Calgary

Where I belong — a youth community photo project by CBC Calgary

This year, 10 young Calgary residents borrowed CBC cameras, got training in photography and set out to explore what belonging means in to them. Check out their stories at the Calgary Public Library.

There's no 'one' way to belong. We each find our own path.

Three young men pose for the camera.
Ten Calgary youth borrowed CBC cameras for a photography workshop at the Calgary Public Library. Left to right, Shafie Farah, Davyd Homeniuk and Mohammad Turkmani. (Mohammad Turkmani)

Belonging — it's critical to wellbeing, safety and confidence. 

Yet there's no one path to find it. There's no "one" way to belong. We each find our own.

This year, 10 young Calgary residents borrowed CBC cameras, got training in photography and set out to explore what belonging means to them.

Some found one key friend made the difference. Others discovered their most significant source of belonging was their family or a sports team. Still others found belonging comes from pursuing your own unique passions, even if that means you're spending time alone.


We hear about a photo project CBC Calgary is launching to explore the idea of belonging with young Calgarians.

The goal was to gain skills and share an individual story in a public way.

"I want to show them who I am," 17-year-old photographer Shafie Farah told CBC's The Homestretch

"I want them to feel like I'm just a normal kid, like the rest of the Canadian kids," added Mohammad Turkmani, who took photos of riding transit and his love of soccer.

A group of people stand in the grand central atrium at the Calgary Public Library.
Freelance photographer Leah Hennel teaches a photography workshop at the Calgary Public Library. (Submitted by Megan Kimler)

CBC Calgary ran the project as a way to gain insight and tell stories of young people in Calgary.

We partnered with Umoja Community Mosaic, a local non-profit that focuses on youth and inclusion, especially through soccer. Their staff recruited the youth and supported them throughout the workshop, covering their own costs with a federal anti-racism grant.

For Umoja, anti-racism work is about finding elements that unite people, said Nurishah Dharamsi, manager of programs and community relations.

"When you feel like you're part of something, then you're free to contribute. That's what breaks down the barriers," she said.

"This wasn't about what makes newcomers feel like they belong, but about what makes all of us feel like we belong."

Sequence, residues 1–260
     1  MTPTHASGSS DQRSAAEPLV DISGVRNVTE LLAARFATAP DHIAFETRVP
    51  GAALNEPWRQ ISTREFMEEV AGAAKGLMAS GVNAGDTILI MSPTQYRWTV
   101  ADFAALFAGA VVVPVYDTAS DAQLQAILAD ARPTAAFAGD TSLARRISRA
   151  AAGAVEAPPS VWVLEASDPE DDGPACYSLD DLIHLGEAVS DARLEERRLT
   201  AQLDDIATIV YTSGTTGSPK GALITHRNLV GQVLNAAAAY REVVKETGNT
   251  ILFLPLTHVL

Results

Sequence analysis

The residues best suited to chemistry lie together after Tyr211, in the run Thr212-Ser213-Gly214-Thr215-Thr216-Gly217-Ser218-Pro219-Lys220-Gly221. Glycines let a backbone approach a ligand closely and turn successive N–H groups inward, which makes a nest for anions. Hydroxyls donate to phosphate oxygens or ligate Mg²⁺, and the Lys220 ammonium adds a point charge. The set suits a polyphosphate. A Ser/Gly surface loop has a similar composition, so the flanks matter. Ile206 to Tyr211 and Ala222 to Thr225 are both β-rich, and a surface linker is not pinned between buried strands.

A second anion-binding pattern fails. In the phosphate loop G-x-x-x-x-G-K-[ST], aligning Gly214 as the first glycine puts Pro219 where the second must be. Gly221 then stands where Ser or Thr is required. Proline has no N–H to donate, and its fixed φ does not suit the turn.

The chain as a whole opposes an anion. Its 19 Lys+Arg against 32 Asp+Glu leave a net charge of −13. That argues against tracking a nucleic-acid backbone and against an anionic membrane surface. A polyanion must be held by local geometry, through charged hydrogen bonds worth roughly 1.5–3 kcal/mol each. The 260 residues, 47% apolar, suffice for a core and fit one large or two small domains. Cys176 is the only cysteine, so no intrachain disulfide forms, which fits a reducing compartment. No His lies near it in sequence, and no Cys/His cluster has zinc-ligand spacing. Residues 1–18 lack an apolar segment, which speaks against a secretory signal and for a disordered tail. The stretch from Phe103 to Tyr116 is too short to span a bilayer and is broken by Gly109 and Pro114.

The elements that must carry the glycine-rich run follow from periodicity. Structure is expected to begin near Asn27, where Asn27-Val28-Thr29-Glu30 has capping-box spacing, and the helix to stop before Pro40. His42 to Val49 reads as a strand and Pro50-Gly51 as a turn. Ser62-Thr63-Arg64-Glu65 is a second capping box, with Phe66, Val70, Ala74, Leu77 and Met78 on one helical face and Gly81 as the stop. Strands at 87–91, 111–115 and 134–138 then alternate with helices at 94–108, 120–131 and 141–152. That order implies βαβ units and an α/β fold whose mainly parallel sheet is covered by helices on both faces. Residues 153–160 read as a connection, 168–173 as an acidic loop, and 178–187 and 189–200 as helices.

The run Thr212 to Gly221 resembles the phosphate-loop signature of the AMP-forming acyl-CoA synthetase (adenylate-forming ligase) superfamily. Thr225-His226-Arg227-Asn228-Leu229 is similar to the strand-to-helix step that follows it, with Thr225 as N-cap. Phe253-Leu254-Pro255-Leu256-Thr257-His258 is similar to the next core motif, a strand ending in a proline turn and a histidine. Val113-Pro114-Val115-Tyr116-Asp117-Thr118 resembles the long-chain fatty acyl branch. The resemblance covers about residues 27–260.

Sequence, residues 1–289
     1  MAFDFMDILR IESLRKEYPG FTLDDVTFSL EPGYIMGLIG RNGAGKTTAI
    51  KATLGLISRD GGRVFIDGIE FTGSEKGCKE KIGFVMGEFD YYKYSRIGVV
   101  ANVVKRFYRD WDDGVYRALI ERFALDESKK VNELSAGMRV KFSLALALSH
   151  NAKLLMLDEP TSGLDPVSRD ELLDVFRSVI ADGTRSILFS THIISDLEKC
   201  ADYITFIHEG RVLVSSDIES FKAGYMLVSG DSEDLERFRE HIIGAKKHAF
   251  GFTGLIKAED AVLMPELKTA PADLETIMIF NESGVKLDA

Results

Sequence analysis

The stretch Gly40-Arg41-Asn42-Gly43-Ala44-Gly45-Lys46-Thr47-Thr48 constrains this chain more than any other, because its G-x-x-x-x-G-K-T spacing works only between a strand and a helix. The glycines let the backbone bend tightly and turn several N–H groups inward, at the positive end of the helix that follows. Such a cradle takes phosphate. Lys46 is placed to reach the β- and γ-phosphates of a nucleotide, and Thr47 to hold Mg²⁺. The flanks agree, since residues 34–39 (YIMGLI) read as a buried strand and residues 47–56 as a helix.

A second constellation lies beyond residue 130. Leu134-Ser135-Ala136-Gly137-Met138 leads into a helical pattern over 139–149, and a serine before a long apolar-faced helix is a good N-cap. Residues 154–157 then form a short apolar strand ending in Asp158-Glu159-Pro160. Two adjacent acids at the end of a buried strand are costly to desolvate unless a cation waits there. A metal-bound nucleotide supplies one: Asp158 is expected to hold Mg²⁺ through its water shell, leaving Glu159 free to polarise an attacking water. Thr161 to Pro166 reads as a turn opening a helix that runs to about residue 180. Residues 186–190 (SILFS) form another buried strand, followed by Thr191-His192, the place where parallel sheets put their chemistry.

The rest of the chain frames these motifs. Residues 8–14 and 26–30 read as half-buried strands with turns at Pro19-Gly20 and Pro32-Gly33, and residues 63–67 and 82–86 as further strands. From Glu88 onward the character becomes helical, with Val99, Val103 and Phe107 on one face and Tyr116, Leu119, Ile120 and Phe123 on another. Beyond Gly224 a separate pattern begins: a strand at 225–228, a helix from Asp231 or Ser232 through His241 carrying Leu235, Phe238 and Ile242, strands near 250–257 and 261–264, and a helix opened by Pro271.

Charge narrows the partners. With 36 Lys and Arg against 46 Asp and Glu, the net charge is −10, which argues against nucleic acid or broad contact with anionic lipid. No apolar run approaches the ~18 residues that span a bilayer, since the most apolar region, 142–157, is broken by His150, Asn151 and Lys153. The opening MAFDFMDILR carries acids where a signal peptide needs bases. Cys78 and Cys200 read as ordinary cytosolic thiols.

As part of an ongoing partnership, the Calgary Public Library hosted the project and will be sharing the photo stories publicly at several branches around the city.

Umoja will also set up an installation at the Genesis Centre for two weeks in April. 

Photo boards on display at the downtown library.
Where I Belong photo stories were on display at the Central public library March 31 at the Young Calgary launch. (Megan Kimler, Umoja Community Mosaic)

Visit the photo installation

Next installations:

  • Signal Hill (SW) — July 21 to August 18
  • Seton (SE) — August 18 to September 15
  • Saddletowne (NE) — September 15 to October 13
  • Nose Hill (NW) — October 13 to November 10

Explore your story

Join the project by grabbing a camera yourself. Turn the lens on you!

Who are you really? And where do you belong?

Shoot your story. Be real with it. Then share it as a photo dump on your favourite social media channel.

Tag CBC Calgary or use the hashtag #CBCmylens if you want others to find it.

A boy is framed by circles. He's also looking in a camera.
Exploring the use of frames, photographer Noah Dharamsi took this picture of his friend Matthew Fielden at the workshop. (Noah Dharamsi)

Young Calgary 

Want to get involved in CBC Calgary's effort to involve more young Calgary residents in the news? Share your story and learn from your peers.

Add your cellphone number in the box below. It's free, confidential and you can unsubscribe any time by texting STOP. More details at cbc.ca/youngcalgary

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